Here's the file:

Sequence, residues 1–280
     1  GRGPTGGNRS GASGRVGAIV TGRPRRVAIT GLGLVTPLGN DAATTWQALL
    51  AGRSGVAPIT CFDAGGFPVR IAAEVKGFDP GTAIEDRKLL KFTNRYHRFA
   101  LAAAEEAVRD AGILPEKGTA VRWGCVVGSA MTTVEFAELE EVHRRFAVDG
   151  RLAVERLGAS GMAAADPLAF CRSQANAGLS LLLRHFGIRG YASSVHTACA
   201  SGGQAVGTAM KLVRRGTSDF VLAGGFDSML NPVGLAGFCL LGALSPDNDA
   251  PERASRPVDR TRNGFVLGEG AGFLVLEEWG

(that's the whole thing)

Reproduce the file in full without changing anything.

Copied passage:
Sequence, residues 1–280
     1  GRGPTGGNRS GASGRVGAIV TGRPRRVAIT GLGLVTPLGN DAATTWQALL
    51  AGRSGVAPIT CFDAGGFPVR IAAEVKGFDP GTAIEDRKLL KFTNRYHRFA
   101  LAAAEEAVRD AGILPEKGTA VRWGCVVGSA MTTVEFAELE EVHRRFAVDG
   151  RLAVERLGAS GMAAADPLAF CRSQANAGLS LLLRHFGIRG YASSVHTACA
   201  SGGQAVGTAM KLVRRGTSDF VLAGGFDSML NPVGLAGFCL LGALSPDNDA
   251  PERASRPVDR TRNGFVLGEG AGFLVLEEWG